After a solid year of asking the county to do something to protect their homes from floodwaters, east side residents of Tonto Basin could finally see some relief.
On Monday, the Gila County Public Works Division announced it is working on three projects that would mitigate future flooding.
One includes using Arizona state prisoners to remove dead and down vegetation in Tonto Creek and another capitalizes on a loophole that might allow for the removal of several sand “islands.”
The county has contracted with WestLand Resources to obtain a permit from the U.S. Army Corps of Engineers for replacement of missing riprap on the top and face of an existing dike near Roosevelt Gardens East subdivision.
Last January, floodwaters severely damaged the dike and in September, water further cut away at the levee.
Residents say the levee sits two feet lower than its original height. The damaged levee and a clogged creek bed could cause further flooding.
Last winter residents watched in horror as floodwaters filled dozens of homes with water and silt. Unfortunately, for the 92 property owners adjacent to Tonto Creek, they can do little to protect their homes.
Residents and the county have found their hands tied by bureaucratic rules.
The creek is protected as a critical critical habitat for several species of wildlife. Numerous government agencies would need to approve any work, including the U.S. Army Corps of Engineers, U.S. Forest Service and Federal Emergency Management Agency, said Gila County Supervisor Mike Pastor. In the meantime, the creek continues to cut new channels and build up sediment.
Several weeks ago, Pastor sent letters to the Corps of Engineers, Forest Service, FEMA and Arizona Game and Fish. The Forest Service and Army Corps responded and a project allowing for the removal of dead and down wood is in the works. Once county staff has identified areas, the Forest Service has agreed to contact the U.S. Fish and Wildlife Service and utilize their biologist to work through the process of complying with application regulations for the removal of vegetation.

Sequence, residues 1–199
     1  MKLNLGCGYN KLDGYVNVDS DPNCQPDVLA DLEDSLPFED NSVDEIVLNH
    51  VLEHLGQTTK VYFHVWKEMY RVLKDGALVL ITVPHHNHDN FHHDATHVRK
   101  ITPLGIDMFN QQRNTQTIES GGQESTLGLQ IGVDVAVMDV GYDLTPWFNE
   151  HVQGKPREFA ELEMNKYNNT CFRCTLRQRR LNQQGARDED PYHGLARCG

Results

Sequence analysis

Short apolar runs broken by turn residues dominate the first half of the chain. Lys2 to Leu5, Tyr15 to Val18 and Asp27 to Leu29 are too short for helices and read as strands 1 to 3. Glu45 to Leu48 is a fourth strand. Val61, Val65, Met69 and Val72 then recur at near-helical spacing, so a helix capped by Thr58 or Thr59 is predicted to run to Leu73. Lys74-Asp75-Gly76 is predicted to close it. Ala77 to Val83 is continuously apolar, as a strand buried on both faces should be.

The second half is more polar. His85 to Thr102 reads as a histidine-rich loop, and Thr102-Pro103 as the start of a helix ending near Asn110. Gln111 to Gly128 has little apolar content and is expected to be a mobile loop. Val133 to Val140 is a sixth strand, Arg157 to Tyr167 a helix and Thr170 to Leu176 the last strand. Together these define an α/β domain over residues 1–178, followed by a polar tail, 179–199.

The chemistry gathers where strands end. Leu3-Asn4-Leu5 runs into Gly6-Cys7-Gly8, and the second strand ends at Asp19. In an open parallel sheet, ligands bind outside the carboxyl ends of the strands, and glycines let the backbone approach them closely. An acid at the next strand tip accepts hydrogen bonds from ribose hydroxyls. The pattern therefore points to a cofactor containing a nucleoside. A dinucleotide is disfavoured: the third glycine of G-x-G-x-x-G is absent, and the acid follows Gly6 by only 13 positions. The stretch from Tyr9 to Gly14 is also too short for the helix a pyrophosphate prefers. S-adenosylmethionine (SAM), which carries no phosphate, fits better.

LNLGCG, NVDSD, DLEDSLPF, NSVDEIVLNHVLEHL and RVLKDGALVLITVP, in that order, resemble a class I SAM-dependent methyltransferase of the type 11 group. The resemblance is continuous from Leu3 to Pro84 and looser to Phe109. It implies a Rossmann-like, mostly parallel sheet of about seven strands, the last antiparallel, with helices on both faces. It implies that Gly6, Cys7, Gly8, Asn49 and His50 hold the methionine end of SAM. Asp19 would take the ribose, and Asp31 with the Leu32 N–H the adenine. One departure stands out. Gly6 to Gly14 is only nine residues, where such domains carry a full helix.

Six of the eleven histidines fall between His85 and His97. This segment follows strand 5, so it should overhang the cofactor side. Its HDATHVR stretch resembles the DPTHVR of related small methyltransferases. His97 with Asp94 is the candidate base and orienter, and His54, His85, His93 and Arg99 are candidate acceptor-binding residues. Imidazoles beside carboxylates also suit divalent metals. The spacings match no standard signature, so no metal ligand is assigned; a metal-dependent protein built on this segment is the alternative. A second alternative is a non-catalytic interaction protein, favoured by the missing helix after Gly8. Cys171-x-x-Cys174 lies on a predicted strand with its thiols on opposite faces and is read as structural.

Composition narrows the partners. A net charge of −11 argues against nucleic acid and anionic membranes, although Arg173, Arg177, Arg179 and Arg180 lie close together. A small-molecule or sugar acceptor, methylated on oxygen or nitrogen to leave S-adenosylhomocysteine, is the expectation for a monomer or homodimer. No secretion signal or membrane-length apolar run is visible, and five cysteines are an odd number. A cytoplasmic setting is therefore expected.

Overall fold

“If this is approved, Gila County staff will prepare temporary construction easement documents to allow Gila County or its agents to access these areas,” according to a press release.
The county would use state prisoners from the wildland fire crew to remove the vegetation.
The county is also in talks with the Corps of Engineers to remove sandbars/islands from the creek under a controversial loophole known as the “Tulloch Rule.”
According to WestLand Resources, the county wants clearance to repair and construct 10 flood control berms along several drainages.
Under the Tulloch Rule, the county could remove material from the waterway as long as the creek was not rechanneled or dredged and any fallback was minor. This would allow the county to sidestep the arduous process of acquiring permits.
The rule has been contested in several court cases and it is unclear if the county will qualify, however, the Corps of Engineers suggested the county apply anyway.
The rule does not apply to areas with wetlands. Two of the 10 berms — at Punkin Center and Gisela — are located near wetlands and would not qualify for the Tulloch exception.
“County staff is in the process of identifying specific sandbars or islands for further discussion with the federal agencies involved in regulating these areas,” the press release states.